Eighty-four percent of Americans believe that tracking their own health data with a clinically accurate monitoring device will help improve their overall health, according to a new survey of 1,000 respondents commissioned by The Society for Participatory Medicine and healthcare technology company Biotricity, and conducted by ORC International in December 2015.
The survey has also found that 71 percent of adults would use a personal monitoring device that tracks blood pressure, heart rate, respiratory rate, glucose, physical activity and other key assessments if it was clinically accurate and easy to use.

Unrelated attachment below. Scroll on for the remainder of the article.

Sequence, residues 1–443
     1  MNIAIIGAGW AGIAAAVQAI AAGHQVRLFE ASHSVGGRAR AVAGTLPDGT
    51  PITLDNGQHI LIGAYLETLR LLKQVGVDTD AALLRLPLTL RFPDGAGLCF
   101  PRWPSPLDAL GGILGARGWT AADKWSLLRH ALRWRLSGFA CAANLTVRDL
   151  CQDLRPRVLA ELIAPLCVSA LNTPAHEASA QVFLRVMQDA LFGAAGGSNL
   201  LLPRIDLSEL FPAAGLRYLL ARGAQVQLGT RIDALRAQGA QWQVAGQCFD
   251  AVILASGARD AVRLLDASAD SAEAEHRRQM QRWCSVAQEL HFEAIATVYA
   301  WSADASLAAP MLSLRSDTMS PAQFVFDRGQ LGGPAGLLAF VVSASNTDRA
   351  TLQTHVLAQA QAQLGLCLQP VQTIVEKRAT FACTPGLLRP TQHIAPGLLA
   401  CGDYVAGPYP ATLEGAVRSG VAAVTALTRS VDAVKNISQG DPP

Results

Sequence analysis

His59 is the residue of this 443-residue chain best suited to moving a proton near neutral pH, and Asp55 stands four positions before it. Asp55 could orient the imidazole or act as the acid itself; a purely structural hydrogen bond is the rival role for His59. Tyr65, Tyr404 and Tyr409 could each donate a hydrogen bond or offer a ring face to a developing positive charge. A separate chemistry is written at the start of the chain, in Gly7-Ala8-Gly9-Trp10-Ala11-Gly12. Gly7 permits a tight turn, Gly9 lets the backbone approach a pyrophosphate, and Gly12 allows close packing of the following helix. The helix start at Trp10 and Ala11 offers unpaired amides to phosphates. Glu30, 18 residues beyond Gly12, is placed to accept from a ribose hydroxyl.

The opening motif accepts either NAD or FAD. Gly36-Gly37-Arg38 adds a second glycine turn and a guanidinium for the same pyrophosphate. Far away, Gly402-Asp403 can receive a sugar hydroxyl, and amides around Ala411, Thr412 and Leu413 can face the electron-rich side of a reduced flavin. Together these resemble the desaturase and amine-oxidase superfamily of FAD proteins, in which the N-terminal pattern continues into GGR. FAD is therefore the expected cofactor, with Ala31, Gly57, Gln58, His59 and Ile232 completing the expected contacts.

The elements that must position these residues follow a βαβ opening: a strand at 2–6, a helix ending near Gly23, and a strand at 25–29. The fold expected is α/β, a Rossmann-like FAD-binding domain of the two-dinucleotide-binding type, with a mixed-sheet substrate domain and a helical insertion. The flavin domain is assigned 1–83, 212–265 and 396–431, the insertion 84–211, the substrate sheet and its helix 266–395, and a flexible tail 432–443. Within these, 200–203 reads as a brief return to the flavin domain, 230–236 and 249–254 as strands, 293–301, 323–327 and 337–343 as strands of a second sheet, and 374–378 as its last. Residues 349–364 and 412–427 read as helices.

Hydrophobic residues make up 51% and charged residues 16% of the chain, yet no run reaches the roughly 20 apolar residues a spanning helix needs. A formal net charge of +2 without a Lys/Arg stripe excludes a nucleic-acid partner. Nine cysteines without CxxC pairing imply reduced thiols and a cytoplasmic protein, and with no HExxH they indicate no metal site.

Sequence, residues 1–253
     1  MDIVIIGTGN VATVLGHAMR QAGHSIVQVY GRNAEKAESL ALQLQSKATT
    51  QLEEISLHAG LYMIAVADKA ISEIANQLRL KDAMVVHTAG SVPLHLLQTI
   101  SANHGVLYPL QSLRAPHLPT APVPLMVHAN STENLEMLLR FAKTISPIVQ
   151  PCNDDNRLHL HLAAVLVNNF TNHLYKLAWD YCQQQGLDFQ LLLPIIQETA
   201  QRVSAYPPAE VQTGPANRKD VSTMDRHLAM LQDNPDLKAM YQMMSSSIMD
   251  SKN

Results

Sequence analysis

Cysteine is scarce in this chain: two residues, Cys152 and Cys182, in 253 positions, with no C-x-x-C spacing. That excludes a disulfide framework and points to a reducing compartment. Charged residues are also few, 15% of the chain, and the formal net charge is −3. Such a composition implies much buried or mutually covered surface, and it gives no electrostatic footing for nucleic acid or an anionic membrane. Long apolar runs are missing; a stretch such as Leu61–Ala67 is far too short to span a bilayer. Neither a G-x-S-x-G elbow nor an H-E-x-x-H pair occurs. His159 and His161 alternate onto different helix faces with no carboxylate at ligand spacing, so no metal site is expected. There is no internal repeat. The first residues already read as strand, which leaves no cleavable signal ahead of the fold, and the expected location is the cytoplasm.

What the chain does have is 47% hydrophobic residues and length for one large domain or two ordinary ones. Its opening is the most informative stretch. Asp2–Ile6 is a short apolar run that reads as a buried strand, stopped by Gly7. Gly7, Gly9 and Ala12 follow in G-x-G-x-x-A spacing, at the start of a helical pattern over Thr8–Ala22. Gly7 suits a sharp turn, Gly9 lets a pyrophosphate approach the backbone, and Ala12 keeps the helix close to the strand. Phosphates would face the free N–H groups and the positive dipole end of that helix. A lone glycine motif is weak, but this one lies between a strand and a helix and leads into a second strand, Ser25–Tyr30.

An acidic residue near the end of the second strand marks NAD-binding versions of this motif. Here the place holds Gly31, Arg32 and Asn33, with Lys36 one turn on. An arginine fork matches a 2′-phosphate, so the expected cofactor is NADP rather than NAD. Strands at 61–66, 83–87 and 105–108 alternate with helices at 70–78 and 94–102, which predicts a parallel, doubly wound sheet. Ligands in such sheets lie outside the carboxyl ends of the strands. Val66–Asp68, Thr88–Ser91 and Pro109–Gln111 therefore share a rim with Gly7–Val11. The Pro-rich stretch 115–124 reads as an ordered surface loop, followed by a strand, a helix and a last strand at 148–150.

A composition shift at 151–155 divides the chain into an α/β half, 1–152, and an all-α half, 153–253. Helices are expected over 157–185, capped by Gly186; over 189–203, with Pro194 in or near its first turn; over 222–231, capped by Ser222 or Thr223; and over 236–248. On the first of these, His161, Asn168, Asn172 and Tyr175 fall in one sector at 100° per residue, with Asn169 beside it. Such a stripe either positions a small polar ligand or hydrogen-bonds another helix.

“Unlike wearables that are not capable of providing clinical-grade data, we recognize that the future lies with empowering individuals with robust self-management solutions, and we believe the survey findings demonstrate that Americans are eager to use these tools to manage their personal health issues,” Waqaas Al-Siddiq, president and CEO of Biotricity, said in a statement.
Out of 75 percent of Americans who would wear personal monitoring devices, 57 percent would rely on it for personal use AND to share with their healthcare professional, 13 percent for personal use only, and 5 percent for healthcare professional use only.
Self-monitoring is a vital component of an efficient and high-functioning healthcare system, according to Daniel Z. Sands, MD, MPH, co-founder and co-chair of the Society of Participatory Medicine and a practicing physician. “This survey shows that this concept resonates with the public and that most respondents are willing to utilize technology to gather this data to improve their health,” he added.